Prime Minister Hun Sen criticized a controversial yet much-delayed trial of a drug that may prevent HIV/AIDS on Tuesday, criticizing researchers who would use Cambodians as test subjects.
“Cambodia is not a trash bin country,” the prime minister said at the groundbreaking ceremony for an expansion of Kantha Bopha I Hospital in Phnom Penh. “So far, they have tested Cambodians with anti-retroviral drugs. They should not conduct experiments with Cambodians. They should do it with animals.”
No tests have been conducted in a planned study to determine whether the drug tenofovir can prevent HIV infection in sex workers. The drug has been tested on animals and is used to treat HIV-positive patients, but its long-term effects on HIV-negative individuals are unknown.
The current study, funded in part by the US National Institutes of Health and the Bill and Melinda Gates Foundation, was originally scheduled for April but has been delayed amidst protests over the ethics of the trial.
Reached by telephone Tuesday, the trial’s coordinators were reluctant to comment.
“Please, I don’t want to comment on my prime minister,” said Saphonn Vonthanak, the study’s co-investigator and deputy director of the National Center for HIV/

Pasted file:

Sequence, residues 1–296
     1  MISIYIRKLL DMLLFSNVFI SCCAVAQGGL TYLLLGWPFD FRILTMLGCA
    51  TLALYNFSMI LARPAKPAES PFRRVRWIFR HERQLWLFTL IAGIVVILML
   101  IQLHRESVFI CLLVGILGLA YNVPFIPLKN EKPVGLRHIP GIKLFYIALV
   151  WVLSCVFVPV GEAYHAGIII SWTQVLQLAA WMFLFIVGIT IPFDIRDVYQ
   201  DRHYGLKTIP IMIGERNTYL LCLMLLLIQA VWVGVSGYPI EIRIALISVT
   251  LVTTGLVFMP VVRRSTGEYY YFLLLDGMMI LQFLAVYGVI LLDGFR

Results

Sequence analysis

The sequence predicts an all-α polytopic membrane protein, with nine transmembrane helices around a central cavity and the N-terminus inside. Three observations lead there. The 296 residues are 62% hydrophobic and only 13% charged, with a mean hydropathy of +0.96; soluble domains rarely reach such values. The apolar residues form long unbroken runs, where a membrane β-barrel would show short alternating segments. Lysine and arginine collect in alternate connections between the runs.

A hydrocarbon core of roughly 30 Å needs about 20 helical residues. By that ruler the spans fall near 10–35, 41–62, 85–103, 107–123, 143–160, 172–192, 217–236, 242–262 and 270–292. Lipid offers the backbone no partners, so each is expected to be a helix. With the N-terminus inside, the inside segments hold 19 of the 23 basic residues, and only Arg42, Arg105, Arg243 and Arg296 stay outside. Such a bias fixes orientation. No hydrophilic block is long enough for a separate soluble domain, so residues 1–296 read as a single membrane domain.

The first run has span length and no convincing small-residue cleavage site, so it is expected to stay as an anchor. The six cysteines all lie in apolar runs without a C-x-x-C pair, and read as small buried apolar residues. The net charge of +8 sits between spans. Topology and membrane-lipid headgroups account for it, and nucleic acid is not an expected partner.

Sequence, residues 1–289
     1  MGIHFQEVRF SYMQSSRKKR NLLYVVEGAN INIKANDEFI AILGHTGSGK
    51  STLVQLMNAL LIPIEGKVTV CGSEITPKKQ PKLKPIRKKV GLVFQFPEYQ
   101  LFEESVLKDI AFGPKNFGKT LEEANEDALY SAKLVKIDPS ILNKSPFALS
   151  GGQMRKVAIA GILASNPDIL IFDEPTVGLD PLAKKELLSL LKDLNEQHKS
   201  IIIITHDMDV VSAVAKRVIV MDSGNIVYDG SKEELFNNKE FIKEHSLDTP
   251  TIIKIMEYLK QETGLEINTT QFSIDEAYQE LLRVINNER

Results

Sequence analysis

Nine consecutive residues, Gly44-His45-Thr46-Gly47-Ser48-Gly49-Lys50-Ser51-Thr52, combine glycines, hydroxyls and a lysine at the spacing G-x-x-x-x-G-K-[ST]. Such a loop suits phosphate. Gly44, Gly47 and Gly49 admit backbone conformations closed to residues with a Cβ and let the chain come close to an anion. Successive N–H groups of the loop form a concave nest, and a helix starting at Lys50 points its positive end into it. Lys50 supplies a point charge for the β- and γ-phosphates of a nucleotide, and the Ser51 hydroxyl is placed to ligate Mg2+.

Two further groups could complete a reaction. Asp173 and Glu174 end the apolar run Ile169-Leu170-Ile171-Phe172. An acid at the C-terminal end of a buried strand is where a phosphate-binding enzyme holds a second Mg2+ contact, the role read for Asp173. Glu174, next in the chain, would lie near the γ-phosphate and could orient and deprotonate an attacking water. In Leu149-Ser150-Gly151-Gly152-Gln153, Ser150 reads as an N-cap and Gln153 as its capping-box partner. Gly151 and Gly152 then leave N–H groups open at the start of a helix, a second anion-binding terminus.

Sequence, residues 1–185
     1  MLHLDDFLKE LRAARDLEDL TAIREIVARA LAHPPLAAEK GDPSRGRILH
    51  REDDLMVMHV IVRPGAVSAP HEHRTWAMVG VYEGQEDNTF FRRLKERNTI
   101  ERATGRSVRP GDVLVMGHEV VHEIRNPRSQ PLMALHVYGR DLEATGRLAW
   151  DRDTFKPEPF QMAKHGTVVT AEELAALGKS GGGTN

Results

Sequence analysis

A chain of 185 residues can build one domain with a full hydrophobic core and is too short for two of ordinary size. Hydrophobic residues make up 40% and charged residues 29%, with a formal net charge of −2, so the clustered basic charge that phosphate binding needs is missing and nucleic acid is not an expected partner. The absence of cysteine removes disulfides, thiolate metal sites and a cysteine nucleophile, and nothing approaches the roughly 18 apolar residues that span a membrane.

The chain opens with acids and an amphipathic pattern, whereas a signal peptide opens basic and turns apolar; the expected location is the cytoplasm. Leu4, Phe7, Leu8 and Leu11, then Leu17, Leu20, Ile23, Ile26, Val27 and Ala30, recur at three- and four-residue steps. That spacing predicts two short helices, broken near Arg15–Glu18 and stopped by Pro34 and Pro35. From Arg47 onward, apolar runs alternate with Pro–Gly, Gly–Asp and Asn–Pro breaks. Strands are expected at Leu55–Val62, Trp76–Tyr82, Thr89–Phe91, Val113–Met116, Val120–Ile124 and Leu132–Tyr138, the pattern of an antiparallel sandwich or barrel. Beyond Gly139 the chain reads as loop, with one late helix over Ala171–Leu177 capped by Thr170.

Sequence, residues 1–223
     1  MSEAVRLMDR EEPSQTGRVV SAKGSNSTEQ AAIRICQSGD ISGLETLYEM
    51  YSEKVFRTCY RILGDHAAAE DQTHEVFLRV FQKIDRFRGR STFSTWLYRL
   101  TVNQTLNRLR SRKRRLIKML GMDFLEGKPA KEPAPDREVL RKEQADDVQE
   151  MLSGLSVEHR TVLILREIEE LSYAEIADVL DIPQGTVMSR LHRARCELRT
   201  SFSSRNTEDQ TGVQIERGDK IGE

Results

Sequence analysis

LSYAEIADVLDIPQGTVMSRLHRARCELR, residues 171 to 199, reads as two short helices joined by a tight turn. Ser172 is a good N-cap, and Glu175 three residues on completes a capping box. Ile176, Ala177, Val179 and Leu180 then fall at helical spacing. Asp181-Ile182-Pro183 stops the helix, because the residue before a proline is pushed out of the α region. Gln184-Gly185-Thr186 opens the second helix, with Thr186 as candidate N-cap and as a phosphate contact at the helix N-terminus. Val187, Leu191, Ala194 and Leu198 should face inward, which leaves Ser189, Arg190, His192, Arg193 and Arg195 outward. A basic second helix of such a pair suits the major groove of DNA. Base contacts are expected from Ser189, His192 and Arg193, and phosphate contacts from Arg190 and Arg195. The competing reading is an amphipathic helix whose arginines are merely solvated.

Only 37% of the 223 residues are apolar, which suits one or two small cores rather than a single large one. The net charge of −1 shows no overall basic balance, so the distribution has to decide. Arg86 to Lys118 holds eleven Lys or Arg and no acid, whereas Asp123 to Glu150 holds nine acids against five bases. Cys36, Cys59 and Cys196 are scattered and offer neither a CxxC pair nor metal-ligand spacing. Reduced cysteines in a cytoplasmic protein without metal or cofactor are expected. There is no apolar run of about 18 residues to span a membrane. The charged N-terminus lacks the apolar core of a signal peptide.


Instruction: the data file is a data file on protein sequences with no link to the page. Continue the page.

AIDS, Dermatology and STIs. Dr Ly Penh Sun, technical bureau director at NCHADS, also declined to comment.
Representatives of NCHADS, which is coordinating the study in Cambodia, said in June that researchers were awaiting approval from Westat, a US health survey company contracted to review the trial. Westat officials have not returned to Cambodia for a follow-up to a review conducted in May, Khol Vohith, NCHADS community education coordinator, said Tuesday. The visit was originally scheduled for July, he said.
Despite Hun Sen’s criticism, and the June announcement that hundreds of sex workers plan to boycott the trials, the survey is moving ahead. NCHADS staff began training outreach workers, last week, to recruit the 960 participants needed for the study, Khol Vohith said.